I live in London and have had a scooter gang come after me twice to try and nick my Husqvarna 701. Thankfully I managed to outrun them.
The old bill weren’t really that interested at the time. However, I’ve now seen on social media that they’ve changed their tune and are chasing and knocking these little scroats off. I’m all up for that and then reversing over them.
So my question is this. If a scooter gang targets me again and I can’t get away, can I get off and kick ten bells out of them?
It will depend on whether you used “reasonable force” to stop yourself being robbed or not. The CPS guidance is useful and states, “a person may use such force as is reasonable in the circumstances for the purposes of: self-defence; or defence of another; or defence of property; or prevention of crime; or lawful arrest.”
In assessing the “reasonableness of the force used” a prosecutor should ask two questions: Was the use of force necessary in the circumstances, i.e. was there a need for any force at all? And was the force used reasonable in the circumstances?
If you lay a scally out by chinning him with a couple of punches then it is likely to be viewed as “reasonable force”. However, laying him out and then repeatedly putting the boot in for another five minutes, rupturing his spleen and breaking four ribs etc. is likely to be viewed as “unreasonable force” resulting in a holiday at Her Majesty’s Pleasure.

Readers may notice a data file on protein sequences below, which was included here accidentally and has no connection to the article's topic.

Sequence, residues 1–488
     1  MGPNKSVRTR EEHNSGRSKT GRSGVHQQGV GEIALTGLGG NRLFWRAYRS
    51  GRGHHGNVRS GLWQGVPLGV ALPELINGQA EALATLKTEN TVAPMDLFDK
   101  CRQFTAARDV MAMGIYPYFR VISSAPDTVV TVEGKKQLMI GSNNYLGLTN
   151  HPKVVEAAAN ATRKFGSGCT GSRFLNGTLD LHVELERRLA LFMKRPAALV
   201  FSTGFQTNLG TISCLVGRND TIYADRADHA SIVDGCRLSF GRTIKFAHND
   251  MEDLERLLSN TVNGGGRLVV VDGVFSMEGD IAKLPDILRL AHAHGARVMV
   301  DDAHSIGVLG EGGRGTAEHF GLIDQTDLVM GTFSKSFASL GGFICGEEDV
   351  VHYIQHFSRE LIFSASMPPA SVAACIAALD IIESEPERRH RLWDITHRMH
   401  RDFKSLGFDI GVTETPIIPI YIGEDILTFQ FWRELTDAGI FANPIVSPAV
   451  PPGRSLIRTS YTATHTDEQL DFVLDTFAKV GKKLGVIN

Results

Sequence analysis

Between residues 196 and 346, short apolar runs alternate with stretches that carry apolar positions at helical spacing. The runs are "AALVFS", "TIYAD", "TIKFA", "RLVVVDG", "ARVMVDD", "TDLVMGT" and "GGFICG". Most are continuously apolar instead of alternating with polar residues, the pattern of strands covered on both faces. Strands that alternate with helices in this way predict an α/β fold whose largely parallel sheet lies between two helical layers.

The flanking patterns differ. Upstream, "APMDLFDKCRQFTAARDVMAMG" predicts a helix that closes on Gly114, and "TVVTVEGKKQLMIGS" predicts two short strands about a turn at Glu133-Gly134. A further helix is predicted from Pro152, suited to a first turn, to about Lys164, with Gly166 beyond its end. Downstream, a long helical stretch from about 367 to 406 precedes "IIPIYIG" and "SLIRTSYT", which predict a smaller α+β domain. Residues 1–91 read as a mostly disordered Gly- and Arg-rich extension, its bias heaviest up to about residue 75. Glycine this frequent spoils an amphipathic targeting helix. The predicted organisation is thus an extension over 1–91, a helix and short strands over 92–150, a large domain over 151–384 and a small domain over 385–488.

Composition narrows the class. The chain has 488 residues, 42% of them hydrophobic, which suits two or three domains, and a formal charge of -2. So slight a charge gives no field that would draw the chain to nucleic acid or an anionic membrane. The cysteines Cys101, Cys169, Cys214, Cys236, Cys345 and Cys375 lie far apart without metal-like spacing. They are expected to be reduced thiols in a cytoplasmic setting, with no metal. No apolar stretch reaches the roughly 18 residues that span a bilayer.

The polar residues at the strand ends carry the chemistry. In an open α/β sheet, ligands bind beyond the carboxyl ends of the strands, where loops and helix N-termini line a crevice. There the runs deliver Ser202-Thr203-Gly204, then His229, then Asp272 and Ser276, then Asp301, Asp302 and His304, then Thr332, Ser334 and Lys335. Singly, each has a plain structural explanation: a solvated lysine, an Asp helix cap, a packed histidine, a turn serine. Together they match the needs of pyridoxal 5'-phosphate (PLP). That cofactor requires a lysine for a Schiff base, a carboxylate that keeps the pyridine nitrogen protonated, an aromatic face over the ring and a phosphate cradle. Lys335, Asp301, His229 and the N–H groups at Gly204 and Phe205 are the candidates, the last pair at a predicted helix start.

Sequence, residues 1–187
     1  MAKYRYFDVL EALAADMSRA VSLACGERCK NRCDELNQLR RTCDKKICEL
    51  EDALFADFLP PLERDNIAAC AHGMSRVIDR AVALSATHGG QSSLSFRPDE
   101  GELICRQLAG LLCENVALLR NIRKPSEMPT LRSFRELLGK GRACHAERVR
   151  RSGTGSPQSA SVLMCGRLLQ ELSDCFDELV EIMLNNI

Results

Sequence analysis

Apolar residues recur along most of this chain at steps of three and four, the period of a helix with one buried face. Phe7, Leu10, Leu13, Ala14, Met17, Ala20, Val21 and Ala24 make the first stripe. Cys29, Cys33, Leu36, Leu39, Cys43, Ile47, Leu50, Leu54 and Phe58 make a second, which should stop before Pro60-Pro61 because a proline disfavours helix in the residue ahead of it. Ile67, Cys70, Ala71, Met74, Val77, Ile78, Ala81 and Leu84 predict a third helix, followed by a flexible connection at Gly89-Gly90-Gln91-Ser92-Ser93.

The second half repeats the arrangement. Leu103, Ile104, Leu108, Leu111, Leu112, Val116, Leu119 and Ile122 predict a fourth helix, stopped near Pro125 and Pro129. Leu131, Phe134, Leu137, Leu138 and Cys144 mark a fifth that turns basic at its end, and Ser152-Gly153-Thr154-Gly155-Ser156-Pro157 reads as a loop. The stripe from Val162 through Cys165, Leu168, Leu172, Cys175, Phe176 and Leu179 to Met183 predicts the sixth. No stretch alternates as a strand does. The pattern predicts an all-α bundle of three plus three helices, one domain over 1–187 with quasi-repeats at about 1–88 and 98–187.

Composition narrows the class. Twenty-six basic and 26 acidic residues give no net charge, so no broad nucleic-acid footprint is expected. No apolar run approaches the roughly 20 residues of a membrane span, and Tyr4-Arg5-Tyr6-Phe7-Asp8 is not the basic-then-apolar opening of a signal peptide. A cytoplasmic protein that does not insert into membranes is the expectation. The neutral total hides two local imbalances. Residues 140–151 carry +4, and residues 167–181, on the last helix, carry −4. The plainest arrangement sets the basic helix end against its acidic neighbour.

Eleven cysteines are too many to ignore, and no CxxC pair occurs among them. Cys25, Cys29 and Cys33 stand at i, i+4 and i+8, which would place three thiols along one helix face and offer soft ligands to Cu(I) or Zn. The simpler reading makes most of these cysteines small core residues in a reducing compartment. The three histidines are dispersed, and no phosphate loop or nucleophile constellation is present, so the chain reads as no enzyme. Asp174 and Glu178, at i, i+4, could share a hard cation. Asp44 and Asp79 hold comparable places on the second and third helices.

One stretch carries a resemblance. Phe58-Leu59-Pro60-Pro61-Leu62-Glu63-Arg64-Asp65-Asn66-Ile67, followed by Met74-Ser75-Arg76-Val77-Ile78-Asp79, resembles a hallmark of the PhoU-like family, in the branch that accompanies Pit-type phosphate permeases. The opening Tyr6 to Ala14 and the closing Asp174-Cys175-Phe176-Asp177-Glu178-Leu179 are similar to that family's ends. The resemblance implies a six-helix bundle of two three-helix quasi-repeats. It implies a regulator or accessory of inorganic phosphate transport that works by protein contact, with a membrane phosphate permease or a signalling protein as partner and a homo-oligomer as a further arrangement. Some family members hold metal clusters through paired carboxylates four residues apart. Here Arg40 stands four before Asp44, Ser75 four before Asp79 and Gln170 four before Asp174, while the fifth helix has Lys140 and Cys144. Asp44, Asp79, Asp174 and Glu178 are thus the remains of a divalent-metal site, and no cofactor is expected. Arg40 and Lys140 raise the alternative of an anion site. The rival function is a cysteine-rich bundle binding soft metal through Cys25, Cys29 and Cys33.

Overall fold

Andrew has been riding motorcycles since he was 10 years old and currently rides a ZZR1400 as his daily commuter whether it is sunny or snowing. In addition, he is currently restoring an old Honda CB750 K1. Andrew practices across all areas of motorcycle law, with his practice involving both civil claims and motoring defence work.
Disclaimer: The legal advice and statements contained within this/these articles is correct at the time of printing. If you are seeking legal advice after a motorbike accident please contact us to speak directly with one of our lawyers.
About Motorcycle Monthly
The MCM legal column is compiled by managing partner Andrew 'Chef' Prendergast and his bike-riding barristers and solicitors at White Dalton Motorcycle Solicitors.
The firm deals with personal injury claims and its sister company, Motor Defence Solicitors, deals with all the motoring offences.
White Dalton lawyers have a vast knowledge of bike law, and they have full bike licences, too. They don’t act for insurance companies or the prosecution.
White Dalton is Britain’s premier specialist motorcycle law practice, and if its professionals don’t know the answer to your question, there probably isn’t one. Don’t rely on the advice from your insurance appointed solicitor, get proper independent advice.